NEUROLOGY

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Higher Brain Glucose Levels May Mean More Severe Alzheimer’s

 

According to an article published online in Alzheimer’s & Dementia: the Journal of the Alzheimer’s Association (6 November 2017), higher brain glucose levels may mean more severe Alzheimer’s, and thus showing connections between glucose metabolism and Alzheimer’s pathology, symptoms. For the first time, a connection was found between abnormalities in how the brain breaks down glucose and the severity of the signature amyloid plaques and tangles in the brain, as well as the onset of eventual outward symptoms of Alzheimer’s disease. For the study, the authors looked at brain tissue samples at autopsy from participants in theĀ Baltimore Longitudinal Study of Aging (BLSA), one of the world’s longest-running scientific studies of human aging. The BLSA tracks neurological, physical and psychological data on participants over several decades. For the study, the authors measured glucose levels in different brain regions, some vulnerable to Alzheimer’s disease pathology, such as the frontal and temporal cortex, and some that are resistant, like the cerebellum. They analyzed three groups of BLSA participants: those with Alzheimer’s symptoms during life and with confirmed Alzheimer’s disease pathology (beta-amyloid protein plaques and neurofibrillary tangles) in the brain at death; healthy controls; and individuals without symptoms during life but with significant levels of Alzheimer’s pathology found in the brain post-mortem.

 

Results showed distinct abnormalities in glycolysis, the main process by which the brain breaks down glucose, with evidence linking the severity of the abnormalities to the severity of Alzheimer’s pathology. Lower rates of glycolysis and higher brain glucose levels correlated to more severe plaques and tangles found in the brains of people with the disease. More severe reductions in brain glycolysis were also related to the expression of symptoms of Alzheimer’s disease during life, such as problems with memory.

 

While similarities between diabetes and Alzheimer’s have long been suspected, they have been difficult to evaluate, since insulin is not needed for glucose to enter the brain or to get into neurons. The authors tracked the brain’s usage of glucose by measuring ratios of the amino acids serine, glycine and alanine to glucose, allowing them to assess rates of the key steps of glycolysis. Results showed that the activities of enzymes controlling these key glycolysis steps were lower in Alzheimer’s cases compared to normal brain tissue samples. Furthermore, lower enzyme activity was associated with more severe Alzheimer’s pathology in the brain and the development of symptoms.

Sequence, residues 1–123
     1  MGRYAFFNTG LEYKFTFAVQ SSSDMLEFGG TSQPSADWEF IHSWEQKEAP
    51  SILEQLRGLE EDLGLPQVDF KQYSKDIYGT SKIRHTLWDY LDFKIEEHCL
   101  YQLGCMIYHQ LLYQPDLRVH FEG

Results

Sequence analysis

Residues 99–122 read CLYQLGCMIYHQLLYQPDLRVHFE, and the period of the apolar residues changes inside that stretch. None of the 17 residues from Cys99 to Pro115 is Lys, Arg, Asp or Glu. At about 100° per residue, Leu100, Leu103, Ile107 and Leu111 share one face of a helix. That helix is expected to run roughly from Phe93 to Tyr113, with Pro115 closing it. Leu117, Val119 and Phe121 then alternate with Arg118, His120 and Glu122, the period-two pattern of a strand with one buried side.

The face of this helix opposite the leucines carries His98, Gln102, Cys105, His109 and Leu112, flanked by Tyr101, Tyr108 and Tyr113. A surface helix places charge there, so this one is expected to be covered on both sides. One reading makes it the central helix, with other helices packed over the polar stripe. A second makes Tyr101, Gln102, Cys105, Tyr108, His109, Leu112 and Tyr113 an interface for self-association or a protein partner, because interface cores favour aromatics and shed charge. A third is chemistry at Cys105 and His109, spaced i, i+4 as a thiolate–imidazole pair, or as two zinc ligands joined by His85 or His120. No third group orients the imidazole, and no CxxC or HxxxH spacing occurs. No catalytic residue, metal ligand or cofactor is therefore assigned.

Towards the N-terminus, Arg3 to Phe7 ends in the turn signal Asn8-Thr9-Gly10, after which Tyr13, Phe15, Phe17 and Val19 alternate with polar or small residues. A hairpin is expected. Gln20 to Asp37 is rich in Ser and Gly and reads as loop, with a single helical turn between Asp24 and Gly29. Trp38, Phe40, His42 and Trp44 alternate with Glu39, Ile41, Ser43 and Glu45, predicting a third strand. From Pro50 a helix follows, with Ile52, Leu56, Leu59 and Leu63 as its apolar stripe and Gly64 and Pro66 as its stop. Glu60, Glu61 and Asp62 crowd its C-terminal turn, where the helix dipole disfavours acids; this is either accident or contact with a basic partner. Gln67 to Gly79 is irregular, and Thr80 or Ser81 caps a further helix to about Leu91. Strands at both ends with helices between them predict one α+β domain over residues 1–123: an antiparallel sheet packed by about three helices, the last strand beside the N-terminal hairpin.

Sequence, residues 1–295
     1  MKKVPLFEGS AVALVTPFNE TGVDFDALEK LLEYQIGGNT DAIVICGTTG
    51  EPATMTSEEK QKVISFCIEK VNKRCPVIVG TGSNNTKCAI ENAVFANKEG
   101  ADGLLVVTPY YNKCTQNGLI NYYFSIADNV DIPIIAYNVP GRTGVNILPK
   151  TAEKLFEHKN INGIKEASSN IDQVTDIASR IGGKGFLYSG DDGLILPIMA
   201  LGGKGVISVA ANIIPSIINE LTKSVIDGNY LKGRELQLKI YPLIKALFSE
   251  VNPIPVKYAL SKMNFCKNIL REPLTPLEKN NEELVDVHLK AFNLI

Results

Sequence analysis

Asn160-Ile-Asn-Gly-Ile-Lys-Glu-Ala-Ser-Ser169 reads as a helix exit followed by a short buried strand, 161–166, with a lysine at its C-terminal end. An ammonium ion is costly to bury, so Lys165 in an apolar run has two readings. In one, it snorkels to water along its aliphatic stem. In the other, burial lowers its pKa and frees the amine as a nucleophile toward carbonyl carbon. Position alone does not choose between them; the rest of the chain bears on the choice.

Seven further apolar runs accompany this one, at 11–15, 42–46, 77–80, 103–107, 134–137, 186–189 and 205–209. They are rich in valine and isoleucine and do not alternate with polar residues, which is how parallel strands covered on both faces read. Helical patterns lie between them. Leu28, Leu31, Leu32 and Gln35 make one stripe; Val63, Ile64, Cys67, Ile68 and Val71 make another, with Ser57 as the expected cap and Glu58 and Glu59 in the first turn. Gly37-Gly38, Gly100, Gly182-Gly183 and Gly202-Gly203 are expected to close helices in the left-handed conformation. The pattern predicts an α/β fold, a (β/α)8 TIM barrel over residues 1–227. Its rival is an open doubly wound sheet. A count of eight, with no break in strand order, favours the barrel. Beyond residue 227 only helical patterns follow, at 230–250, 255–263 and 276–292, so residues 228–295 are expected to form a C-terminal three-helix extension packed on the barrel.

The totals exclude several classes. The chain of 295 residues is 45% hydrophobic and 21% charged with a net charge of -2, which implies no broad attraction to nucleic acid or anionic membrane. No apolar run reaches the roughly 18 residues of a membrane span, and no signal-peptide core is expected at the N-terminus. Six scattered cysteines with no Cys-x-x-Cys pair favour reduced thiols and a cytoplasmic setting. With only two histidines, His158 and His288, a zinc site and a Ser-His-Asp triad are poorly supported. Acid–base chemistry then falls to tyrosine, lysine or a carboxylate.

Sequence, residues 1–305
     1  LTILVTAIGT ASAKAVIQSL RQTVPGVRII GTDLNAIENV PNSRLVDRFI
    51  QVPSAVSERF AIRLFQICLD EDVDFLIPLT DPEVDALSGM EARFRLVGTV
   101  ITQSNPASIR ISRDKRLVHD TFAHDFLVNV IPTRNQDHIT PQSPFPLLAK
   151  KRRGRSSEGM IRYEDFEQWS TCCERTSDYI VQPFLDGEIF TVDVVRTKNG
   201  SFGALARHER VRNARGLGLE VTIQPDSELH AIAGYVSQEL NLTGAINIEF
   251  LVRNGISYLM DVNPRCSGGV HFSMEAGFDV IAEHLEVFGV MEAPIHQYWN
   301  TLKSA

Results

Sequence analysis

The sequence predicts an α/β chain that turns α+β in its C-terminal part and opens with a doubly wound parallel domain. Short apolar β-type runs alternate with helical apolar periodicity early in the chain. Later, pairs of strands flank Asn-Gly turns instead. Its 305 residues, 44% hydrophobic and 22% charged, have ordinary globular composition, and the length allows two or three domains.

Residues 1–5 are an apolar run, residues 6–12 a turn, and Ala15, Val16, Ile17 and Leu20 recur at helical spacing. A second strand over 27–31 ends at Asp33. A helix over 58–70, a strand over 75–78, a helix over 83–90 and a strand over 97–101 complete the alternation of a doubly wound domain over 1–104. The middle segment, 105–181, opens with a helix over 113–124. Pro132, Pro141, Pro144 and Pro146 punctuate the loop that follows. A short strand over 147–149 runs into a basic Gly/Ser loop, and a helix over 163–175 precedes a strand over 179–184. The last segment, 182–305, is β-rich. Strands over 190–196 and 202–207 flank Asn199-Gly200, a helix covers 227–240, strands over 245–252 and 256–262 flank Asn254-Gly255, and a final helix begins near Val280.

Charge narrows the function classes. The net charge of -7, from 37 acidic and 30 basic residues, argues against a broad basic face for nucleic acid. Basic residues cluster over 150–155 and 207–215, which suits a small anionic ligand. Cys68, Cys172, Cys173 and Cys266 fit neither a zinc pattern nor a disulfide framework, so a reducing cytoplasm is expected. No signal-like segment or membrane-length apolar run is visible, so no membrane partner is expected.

Next, the authors used proteomics — the large-scale measurement of cellular proteins — to tally levels of GLUT3, a glucose transporter protein, in neurons. They found that GLUT3 levels were lower in brains with Alzheimer’s pathology compared to normal brains, and that these levels were also connected to the severity of tangles and plaques. Finally, the team checked blood glucose levels in study participants years before they died, finding that greater increases in blood glucose levels correlated with greater brain glucose levels at death.

 

According to the authors, the findings point to a novel mechanism that could be targeted in the development of new treatments to help the brain overcome glycolysis defects in Alzheimer’s disease. However, the authors cautioned that it is not yet completely clear whether abnormalities in brain glucose metabolism are definitively linked to the severity of Alzheimer’s disease symptoms or the speed of disease progression. The next steps for the authors include studying abnormalities in other metabolic pathways linked to glycolysis to determine how they may relate to Alzheimer’s pathology in the brain.

 

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